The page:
Global luxury real estate franchise Engel & Völkers is setting up shop in Honolulu, Hawaii, through a new franchise partnership with local real estate brokerage Primary Properties, which will now be known as Engel & Völkers Honolulu.
Primary Properties, which booked $200 million in sales last year with two offices and 61 agents, will continue to be run by Kay Mukaigawa, a real estate professional with 30 years of experience in the Hawaii market. Engel & Völkers Honolulu, specializing in ocean and beachfront homes, luxury condos, apartments and single-family homes, will service the island of Oahu and is licensed to do business on all the islands.
Speaking to Inman, Mukaigawa said managing broker Christina Nishiyama will remain head of Engel & Völkers Honolulu Downtown and Carol Iseri as managing broker for Engel & Völkers Honolulu Stadium.
Commenting on the new partnership, Anthony Hitt, president and CEO of Engel & Völkers Americas said in the press statement: “We are thrilled to partner with Kay and her accomplished team, with their unparalleled experience, knowledge and commitment to the local market. They are ideal partners in opening up Hawaii’s beautiful and unique real estate market to the Engel & Völkers network around the world.”
Engel & Völkers, which is home to 10,000 real estate advisers, operates in 98 markets throughout the U.S. with 114 offices, and also has a presence in 30 countries.
“I’d always been a bit wary about partnering with a large outside entity,” said Mukaigawa in the press announcement. “From the moment our team stepped in the room, Engel & Völkers alleviated any and all concerns. The brand’s hands-on approach, extensive global network and emphasis on premium client experiences made it clear that this partnership would elevate our service on both a local and international level. Knowing that we would be able to continue to grow the business while elevating the level of service our clients have come to expect, made this the perfect partnership.”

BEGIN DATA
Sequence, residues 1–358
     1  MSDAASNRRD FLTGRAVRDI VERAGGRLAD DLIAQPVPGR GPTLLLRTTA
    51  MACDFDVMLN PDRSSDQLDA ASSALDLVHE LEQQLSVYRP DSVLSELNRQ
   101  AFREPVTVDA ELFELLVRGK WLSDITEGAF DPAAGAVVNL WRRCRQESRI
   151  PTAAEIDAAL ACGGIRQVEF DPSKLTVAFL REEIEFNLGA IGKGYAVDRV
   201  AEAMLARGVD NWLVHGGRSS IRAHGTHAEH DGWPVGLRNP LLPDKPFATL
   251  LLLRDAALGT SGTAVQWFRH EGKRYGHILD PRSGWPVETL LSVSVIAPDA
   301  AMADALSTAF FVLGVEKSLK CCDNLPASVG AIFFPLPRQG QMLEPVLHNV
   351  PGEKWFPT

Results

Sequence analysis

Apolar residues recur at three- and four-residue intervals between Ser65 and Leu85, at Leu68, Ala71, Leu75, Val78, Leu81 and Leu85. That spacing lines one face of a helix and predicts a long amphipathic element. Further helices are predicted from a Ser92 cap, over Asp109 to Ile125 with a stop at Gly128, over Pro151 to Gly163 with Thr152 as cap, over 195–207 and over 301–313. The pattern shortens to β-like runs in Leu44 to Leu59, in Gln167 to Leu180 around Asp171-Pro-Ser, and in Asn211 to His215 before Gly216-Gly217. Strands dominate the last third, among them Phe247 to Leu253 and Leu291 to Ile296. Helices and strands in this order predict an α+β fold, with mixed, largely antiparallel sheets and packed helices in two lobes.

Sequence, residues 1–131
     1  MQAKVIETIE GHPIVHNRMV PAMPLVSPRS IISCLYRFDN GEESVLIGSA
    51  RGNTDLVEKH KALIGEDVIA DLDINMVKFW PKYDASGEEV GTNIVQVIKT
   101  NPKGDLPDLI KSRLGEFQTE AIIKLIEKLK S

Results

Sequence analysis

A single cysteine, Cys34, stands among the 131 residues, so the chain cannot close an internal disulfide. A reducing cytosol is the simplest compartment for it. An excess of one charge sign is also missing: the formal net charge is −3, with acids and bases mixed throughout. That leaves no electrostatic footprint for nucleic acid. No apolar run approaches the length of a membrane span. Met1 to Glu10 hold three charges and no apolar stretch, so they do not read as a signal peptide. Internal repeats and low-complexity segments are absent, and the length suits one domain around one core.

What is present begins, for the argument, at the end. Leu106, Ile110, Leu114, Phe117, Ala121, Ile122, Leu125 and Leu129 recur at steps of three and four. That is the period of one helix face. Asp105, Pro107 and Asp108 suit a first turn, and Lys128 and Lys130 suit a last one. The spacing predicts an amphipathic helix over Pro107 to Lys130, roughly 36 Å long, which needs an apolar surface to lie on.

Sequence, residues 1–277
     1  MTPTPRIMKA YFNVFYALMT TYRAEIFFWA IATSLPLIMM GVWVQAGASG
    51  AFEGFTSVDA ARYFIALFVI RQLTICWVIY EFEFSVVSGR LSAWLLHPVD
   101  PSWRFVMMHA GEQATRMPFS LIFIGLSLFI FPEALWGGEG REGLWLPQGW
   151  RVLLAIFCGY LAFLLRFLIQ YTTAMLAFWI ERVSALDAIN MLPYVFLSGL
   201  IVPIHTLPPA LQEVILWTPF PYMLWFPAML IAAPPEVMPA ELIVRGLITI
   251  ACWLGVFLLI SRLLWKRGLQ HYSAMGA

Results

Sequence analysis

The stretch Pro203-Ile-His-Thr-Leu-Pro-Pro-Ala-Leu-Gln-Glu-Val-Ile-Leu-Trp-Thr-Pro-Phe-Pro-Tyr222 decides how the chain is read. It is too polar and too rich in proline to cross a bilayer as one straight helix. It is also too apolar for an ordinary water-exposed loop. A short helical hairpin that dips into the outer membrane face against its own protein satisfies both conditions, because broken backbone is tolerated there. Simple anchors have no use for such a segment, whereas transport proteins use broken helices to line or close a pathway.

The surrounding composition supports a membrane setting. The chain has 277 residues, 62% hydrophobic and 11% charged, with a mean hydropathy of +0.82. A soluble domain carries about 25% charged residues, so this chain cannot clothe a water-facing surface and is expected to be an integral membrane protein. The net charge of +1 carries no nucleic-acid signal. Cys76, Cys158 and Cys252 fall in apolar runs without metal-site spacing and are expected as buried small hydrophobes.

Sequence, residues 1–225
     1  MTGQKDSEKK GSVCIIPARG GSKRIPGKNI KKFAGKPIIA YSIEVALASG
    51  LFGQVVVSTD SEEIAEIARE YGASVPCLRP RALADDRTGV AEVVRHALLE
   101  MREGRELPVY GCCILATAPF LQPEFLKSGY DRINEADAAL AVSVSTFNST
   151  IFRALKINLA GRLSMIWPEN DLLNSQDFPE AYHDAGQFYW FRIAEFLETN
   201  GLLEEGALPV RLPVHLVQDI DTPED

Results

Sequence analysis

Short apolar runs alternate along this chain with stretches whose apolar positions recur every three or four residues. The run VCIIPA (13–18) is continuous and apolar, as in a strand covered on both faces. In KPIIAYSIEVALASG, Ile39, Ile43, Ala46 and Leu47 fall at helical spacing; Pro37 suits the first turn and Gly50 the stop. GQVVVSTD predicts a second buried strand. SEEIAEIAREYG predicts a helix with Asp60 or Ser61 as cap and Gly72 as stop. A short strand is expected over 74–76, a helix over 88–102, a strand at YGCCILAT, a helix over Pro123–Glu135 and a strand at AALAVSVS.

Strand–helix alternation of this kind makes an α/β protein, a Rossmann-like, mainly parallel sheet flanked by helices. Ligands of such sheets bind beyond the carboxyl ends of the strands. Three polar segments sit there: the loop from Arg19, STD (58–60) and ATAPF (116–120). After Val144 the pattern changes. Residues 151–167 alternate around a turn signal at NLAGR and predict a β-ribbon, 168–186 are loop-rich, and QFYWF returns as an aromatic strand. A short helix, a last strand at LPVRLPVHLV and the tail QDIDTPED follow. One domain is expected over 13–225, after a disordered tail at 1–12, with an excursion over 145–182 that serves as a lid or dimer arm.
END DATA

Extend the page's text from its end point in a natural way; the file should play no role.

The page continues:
Mukaigawa told Inman that as a top-five independent brokerage in Hawaii by sales volume, she had been approached by almost every franchise in the state. She believed potential partners perceived her firm as “fresh bait.”
The non-franchise real estate community in her market remonstrated her for selling out to a franchise, she told Inman, but her response to them was: “I didn’t sell out, as we get older it’s harder for us to keep up with all the changes [for agents] and make a difference for clients.”
Mukaigawa said she spoke to other Engel & Völkers franchise owners in Las Vegas and Aspen before signing the franchise deal, and was told that going from independent firm to Engel & Völkers franchise was “like going from a Motel 6 to a Four Seasons,” and that resonated with her.
The franchise arrangement will allow her to do what she does best: continue to nurture relationships in the community, which she has been developing for over three decades. The brokerage runs educational seminars for the seniors community, for instance, and Mukaigawa said she enjoys the education side more than anything.
At the complementary events for seniors, they discuss levels of care and universal design in housing, which allows for more barrier-free, accessible living. “So many single seniors are concerned about what will happen next,” said Mukaigawa. Senior housing communities in Hawaii have waiting lists of five years, but there may be options outside Hawaii through the Engel & Völkers network, the franchise owner told Inman.